A Post about Toast

Two perfect toasted pieces of toast on a plateThey say that in life, you need goals, right?

It’s not that I lack ambition, but some days, just getting the perfect piece of toast is a major achievement.

It’s like a duel between me and the toaster. It’s like Wile E. Coyote versus the Road Runner… and this is from someone who doesn’t really have a competitive streak.

It really boils down to choosing the correct setting number on the toaster, based on the type of bread that I am using on that particular day. Given the variables involved, some days I feel like I am playing the “Safe Cracker” game on The Price is Right.

When I correctly choose the setting number and out comes a perfect piece of toast, I feel like Rocky in that scene when he successfully runs up that staircase at the Philadelphia Museum of Art.

When I don’t get the right setting, the overcooked, petrified toast makes me feel defeated like Charlie Brown, after Lucy takes away the football just as he is about to kick it across the field.

Wouldn’t it be a wonderful world if we could just put bread into the slot, pull down the lever and walk away, knowing that a perfect piece of toast will be ready moments later?

I imagine that some of you might be asking, “Is your toaster broken? Mine comes out fine.”

I am pretty sure that my toaster works fine too. The problem is that my bread choices are constantly evolving. If I stuck to the same kind of bread every day, a perfect piece of toast could indeed be feasible.

However, with new gluten-free bread options showing up on store shelves all the time, and with the quality of bread on a steady increase, I take great delight in trying different types.

But each time I switch, it’s like starting all over again in finding the magic number on the toaster because a “5” for one kind of bread, might require a “3” or even a “7” for a different type of bread to reach the same degree of browning.

When you add to the equation a very sensitive smoke detector with the power to wake up households in the neighbouring village, I need to approach each new bread experiment with a conservative approach to toasting.

To be safe, I would rather try toasting on a “3” setting and pop it back in once or twice more, and try with a “4” setting the next time, rather than risk setting off the smoke detector and having the volunteer fire department called to check it out.

But in addition to the change in breads, there are other factors that come in to play like is it a moist bread, is it a humid day, is the house dry, was the bread frozen, do the ingredients make this a drier type of bread than the others? And of course, the most important factor: what degree of toasting does one like?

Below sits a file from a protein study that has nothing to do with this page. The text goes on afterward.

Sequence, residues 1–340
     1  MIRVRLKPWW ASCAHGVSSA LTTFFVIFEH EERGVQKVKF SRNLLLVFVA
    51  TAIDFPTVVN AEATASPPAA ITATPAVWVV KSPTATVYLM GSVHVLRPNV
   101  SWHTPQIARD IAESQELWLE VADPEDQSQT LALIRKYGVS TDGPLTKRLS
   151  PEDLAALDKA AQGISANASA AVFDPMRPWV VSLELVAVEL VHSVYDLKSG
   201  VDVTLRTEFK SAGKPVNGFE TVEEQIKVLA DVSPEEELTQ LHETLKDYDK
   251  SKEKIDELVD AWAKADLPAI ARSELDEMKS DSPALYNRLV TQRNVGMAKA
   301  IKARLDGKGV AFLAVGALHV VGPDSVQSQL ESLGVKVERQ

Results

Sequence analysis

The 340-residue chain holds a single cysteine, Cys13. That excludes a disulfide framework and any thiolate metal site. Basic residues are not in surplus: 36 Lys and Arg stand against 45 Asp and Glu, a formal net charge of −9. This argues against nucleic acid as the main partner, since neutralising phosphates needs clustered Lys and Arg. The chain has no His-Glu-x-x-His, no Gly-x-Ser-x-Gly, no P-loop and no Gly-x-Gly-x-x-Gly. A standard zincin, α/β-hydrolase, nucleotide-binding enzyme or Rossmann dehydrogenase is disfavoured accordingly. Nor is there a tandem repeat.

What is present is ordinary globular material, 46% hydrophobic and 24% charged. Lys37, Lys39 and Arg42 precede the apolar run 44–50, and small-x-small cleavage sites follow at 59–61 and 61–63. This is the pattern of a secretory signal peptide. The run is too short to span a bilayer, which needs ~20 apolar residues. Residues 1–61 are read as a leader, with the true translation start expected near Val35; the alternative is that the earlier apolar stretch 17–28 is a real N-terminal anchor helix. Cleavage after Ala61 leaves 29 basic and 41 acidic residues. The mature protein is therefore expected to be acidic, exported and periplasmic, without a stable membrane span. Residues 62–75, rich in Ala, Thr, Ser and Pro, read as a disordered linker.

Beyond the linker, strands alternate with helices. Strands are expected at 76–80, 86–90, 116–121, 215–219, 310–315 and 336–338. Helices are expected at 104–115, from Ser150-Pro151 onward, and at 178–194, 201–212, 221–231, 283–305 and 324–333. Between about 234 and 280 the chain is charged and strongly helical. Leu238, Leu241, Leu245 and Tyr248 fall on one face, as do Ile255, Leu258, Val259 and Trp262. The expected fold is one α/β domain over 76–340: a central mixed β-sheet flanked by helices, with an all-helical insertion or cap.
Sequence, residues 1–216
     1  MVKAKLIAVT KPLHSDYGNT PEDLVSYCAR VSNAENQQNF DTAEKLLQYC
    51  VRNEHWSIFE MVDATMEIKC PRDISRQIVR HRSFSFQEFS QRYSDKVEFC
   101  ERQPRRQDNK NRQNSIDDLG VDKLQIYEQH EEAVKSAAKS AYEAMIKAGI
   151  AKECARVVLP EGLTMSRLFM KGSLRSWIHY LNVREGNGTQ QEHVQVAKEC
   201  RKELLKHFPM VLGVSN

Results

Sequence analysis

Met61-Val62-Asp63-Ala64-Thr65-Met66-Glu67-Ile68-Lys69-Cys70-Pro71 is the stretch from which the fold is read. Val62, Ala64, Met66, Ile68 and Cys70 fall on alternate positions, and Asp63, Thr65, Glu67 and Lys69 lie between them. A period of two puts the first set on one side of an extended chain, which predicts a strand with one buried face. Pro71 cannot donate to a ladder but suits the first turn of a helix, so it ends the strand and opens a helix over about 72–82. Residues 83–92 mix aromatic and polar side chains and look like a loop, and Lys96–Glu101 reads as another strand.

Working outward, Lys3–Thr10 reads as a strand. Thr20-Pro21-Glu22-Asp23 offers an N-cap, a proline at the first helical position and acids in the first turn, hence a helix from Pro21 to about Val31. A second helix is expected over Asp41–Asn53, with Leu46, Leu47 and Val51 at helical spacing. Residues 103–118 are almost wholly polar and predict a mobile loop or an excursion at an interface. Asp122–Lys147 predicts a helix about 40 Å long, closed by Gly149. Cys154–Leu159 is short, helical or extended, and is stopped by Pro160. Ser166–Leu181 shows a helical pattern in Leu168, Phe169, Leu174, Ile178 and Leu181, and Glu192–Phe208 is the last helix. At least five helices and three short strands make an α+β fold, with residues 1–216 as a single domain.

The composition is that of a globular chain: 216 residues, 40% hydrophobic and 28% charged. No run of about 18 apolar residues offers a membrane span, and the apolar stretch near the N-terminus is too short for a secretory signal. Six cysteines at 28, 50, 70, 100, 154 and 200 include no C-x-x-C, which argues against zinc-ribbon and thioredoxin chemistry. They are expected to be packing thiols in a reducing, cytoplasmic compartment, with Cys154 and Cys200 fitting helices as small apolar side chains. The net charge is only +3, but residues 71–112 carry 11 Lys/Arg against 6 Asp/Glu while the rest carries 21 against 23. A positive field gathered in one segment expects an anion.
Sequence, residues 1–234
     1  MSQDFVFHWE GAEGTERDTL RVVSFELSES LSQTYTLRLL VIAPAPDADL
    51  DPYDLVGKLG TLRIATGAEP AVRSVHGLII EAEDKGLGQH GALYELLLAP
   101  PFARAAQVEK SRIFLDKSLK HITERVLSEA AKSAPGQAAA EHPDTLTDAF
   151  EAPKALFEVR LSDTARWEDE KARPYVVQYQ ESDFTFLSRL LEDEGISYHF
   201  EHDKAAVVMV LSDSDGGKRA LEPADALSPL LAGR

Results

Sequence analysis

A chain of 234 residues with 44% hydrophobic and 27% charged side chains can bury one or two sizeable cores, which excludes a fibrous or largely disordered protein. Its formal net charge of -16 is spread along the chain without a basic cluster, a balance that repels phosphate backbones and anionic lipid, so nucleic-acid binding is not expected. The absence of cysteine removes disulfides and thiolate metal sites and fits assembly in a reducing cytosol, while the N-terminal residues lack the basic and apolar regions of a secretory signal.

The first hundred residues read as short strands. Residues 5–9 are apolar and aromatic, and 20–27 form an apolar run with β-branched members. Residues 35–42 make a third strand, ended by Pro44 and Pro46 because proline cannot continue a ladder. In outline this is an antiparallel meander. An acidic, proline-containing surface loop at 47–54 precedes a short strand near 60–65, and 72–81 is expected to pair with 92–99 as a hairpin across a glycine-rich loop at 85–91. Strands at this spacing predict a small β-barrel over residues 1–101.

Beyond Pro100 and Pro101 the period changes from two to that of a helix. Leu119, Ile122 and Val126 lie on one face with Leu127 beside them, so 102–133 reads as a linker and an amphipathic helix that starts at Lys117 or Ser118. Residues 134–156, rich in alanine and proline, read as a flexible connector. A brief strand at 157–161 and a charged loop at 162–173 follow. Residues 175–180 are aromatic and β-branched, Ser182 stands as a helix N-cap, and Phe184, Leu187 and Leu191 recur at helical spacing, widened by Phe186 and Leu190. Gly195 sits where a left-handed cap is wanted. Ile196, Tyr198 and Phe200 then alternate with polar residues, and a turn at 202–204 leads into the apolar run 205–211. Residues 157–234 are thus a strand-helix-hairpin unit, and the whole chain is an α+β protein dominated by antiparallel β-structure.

My preferred setting is Goldilocks, middle of the road… golden brown on the outside and like freshly baked bread on the inside. At the moment, a “5” seems to do the trick for the type of bread I am currently using.

My dad was more of a bold, borderline charcoal briquette “8” or “9” kind of guy, often setting off the smoke detector while making his Sunday morning toast… and then again on Monday when Mom and I would put our toast through, expecting our usual “5” toast but we forgot to adjust the setting from Dad’s toast the day before.

I can imagine the challenge it must be in larger households when different family members each have different toasting preferences. It must be the war of the setting dial, between undercooked pieces for those who like them very well-done, and vice versa.

Just to add complexity to my own toasting challenges, another issue develops when I buy a loaf from a bakery that doesn’t have a slicer.

I may have been sick that day in kindergarten when we were shown how to use scissors. My inability to cut a straight line has haunted me throughout life. It’s a good thing I didn’t grow up to be a fashion designer, or worse yet, a surgeon.

With the help of a long knife, I can cut a slice of bread (well… sort of). But cutting an identically thick slice is to me, the impossible dream. Naturally, in the toaster, this creates no end of mayhem as one slice will inevitably come out overdone while the other will come out underdone. If you take one slice out and let the thicker one have another round of toasting, the first slice will get cold and dry.

I’m sure my lopsided half-warm half-cold sandwiches would get me booted off any cooking reality competition show, so I don’t even apply.

Just the same, toast is such a simple pleasure and a wonderful source of comfort food. Even if I don’t get an absolutely perfect slice of toast every time, the privilege of being able to try so many different types and flavours of breads makes the adventure worth every step.

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Sincere thanks for reading!
Have a great day,

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